PNC PARK – Clint Hurdle‘s job is more difficult, in a good way, with his entire lineup healthy.
After receiving at least three plate appearances in 16 straight games, and starting 15 of those games, Josh Harrison was held out of the starting lineup Wednesday, with the right-handed Chase Anderson starting for the Diamondbacks.
The Marte-McCutchen-Polanco outfield is healthy and productive. Pedro Alvarez is going to start at third against right-handed pitchers even though he’s playing defensively like a future first baseman (way too many plays have become adventures). No one is talking about Neil Walker giving up switch-hitting with a .280 average against lefties and a 106 wRC+ this season.
There’s no obvious position for Harrison unless you really believe he should be the everyday third baseman. And to that camp, I say ‘slow down.’
Depth is a great thing. But it can be difficult to manage. Depth and flexibility has in part turned the Oakland A’s into a power house but managing it requires creativity. I don’t think Harrison is an all-star level talent. But I do believe he has raised his stock. ZiPs has Harrison finishing as a 2.5 WAR player, which means he deserves substantial playing time.
So here’s my modest proposal, a four-part plan to getting Harrison in the starting lineup more often than not.
*The easiest way to carve playing for Harrison is to platoon him with Pedro Alvarez against left-handed pitching. Alvarez has a career .601 OPS against LHP and a .579 OPS this season. I’m afraid this is what he is: a platoon player. The problem with this is the Pirates have only faced 12 left-handed starters this season in the right-handed heavy, NL Central. So let’s say there’s 12 starts here the rest of the season and 50ish plate appearances. (Another positive for Pirates? It will suppress Alvarez’s counting numbers some, and future arbitration earnings).
*This is the most unconventional part of the plan: start Harrison at shortstop against left-handed heavy hitting opponents. Why left-handed heavy opponents? My theory is against heavy left-handed hitting teams, Harrison will often be swung around in the shift to behind second base or to the right of second base, mitigating the defensive liabilities he possesses at short. The Cubs, Cardinals, Phillies and Diamondbacks have the most left-handed bats in the National League. Harrison could start at shortstop against these teams. Remember, Harrison has played parts of 31 major league games at shortstop. That’s 21 more starts (minus three for overlap with LHP) and 85ish plate appearances.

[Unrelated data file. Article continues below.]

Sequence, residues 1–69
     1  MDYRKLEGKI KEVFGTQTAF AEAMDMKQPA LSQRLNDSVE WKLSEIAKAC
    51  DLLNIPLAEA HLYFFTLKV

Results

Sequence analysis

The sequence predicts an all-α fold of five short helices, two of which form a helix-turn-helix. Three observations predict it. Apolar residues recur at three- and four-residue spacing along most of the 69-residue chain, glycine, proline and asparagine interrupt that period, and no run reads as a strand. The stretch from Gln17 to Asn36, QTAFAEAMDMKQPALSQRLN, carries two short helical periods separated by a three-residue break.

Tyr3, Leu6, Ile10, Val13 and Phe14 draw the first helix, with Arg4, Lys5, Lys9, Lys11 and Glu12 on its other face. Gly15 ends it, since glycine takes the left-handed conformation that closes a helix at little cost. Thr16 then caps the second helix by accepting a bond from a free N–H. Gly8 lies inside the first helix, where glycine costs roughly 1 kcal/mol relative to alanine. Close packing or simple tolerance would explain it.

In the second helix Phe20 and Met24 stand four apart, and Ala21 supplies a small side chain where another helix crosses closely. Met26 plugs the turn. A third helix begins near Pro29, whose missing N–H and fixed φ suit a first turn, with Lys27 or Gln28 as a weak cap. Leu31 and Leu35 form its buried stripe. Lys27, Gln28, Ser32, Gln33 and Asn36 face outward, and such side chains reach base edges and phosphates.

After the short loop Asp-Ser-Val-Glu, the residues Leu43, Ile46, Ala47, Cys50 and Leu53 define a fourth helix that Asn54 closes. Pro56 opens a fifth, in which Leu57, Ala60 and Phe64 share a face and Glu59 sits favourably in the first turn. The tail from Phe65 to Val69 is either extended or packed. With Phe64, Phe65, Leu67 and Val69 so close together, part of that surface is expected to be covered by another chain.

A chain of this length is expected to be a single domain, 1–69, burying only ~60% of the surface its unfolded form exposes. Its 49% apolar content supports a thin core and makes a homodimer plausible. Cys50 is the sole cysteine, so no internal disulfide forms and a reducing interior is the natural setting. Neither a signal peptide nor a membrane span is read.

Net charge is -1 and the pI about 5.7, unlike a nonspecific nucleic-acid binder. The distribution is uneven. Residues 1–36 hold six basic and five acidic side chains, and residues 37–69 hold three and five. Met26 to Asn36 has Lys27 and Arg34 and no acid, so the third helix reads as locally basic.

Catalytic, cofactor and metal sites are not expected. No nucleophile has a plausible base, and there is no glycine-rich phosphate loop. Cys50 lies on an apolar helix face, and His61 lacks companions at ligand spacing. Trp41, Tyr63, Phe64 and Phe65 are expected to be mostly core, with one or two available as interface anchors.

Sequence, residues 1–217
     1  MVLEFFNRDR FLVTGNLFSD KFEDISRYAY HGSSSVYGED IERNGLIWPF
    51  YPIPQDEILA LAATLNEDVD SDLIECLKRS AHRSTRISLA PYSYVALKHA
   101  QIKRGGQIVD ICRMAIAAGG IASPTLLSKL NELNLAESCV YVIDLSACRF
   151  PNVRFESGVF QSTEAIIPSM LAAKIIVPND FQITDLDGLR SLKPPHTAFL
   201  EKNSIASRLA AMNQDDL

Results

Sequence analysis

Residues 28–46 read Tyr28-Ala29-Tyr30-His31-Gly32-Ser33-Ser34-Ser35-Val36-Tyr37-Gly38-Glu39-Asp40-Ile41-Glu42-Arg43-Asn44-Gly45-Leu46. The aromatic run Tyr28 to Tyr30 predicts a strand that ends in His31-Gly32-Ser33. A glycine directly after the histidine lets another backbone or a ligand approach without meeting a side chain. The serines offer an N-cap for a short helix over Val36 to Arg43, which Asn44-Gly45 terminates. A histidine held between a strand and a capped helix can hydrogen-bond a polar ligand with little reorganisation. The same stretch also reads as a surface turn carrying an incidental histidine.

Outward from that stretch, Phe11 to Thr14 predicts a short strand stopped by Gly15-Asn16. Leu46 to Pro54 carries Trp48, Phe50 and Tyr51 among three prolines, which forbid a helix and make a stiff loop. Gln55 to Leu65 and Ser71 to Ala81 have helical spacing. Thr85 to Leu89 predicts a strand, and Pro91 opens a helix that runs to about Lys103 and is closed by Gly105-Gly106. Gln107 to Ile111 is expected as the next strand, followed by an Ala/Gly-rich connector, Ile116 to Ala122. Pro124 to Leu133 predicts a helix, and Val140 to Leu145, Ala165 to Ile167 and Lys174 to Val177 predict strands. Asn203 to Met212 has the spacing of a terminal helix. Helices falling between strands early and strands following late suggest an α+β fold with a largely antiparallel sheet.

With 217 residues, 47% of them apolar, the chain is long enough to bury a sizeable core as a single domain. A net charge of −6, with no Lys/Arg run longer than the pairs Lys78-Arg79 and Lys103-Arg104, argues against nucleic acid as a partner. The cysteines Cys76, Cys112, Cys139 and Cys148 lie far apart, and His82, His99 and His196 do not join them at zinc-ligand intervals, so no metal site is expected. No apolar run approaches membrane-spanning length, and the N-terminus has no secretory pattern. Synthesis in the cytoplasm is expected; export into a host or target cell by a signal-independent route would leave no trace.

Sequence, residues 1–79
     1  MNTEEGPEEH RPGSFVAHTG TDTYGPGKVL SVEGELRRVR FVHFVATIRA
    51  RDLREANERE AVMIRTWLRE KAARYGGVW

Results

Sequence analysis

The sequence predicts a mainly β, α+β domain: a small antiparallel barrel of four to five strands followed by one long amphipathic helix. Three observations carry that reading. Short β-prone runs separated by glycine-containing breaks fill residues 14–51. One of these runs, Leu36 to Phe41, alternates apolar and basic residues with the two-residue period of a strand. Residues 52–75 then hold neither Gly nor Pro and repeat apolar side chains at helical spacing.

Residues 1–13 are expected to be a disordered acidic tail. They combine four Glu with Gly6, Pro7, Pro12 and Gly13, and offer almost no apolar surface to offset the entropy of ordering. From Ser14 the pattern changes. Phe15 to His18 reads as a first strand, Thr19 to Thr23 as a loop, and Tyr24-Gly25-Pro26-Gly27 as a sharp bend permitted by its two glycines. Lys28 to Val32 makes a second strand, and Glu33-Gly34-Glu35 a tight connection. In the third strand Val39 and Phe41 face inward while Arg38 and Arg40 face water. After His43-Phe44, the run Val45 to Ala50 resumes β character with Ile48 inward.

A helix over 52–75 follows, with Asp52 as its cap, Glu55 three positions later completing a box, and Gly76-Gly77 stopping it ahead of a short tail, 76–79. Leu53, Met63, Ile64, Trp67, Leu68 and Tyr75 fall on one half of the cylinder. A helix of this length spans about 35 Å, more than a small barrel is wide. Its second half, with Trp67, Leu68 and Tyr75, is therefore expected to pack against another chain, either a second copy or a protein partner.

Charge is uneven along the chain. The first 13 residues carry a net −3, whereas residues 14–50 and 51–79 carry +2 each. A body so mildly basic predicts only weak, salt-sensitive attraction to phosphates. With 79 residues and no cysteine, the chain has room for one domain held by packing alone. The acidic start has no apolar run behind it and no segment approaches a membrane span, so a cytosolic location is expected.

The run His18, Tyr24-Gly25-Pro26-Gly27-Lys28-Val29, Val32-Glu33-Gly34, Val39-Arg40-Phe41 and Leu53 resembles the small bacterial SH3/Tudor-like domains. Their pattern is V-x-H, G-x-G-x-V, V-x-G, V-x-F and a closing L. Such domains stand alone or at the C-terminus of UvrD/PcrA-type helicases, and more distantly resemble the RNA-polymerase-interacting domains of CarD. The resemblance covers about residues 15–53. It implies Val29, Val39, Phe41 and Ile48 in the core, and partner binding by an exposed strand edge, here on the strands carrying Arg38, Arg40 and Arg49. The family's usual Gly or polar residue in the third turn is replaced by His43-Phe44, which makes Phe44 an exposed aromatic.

*The third leg is an outfield rotation. Harrison starts one game a week in the outfield every week (unless there’s an injury) subbing in for McCutchen, Polanco, and Marte who get one rest day every three weeks. That’s 12 more starts.
*Harrison spells Walker five days the rest of the season.
That’s 50 starts in total, of the remaining 78 games. And including pinch-hitting opportunities, that’s probably about 250 plate appearances in the second half. That should be a target, imo. You can see the challenges of managing this lineup if everyone’s healthy but Harrison does deserve regular at bats. The biggest question I have is can play shortstop for an extend period?
THE EVOLVING CHARLIE MORTON
Charlie Morton‘s career-high, 11-strikeout performance in Tampa Bay caught our attention but really Morton had been evolving to become something of a strikeout artist in June when he averaged 10.97 Ks per nine innings. The spiked strikeout rate is tied to his curveball.
The quality of Morton’s curveball is also improving as you can see in his whiff rate by month.
June: 26.2 !!!
According to PITCHf/x data at Baseball Prospectus, Morton has the most horizontal on his cuveball in baseball among starting pitchers. Morton is averaging -10.7 inches of vertical movement. This is a very for real pitch.
There’s another level for Morton to reach. There’s still growth potential here.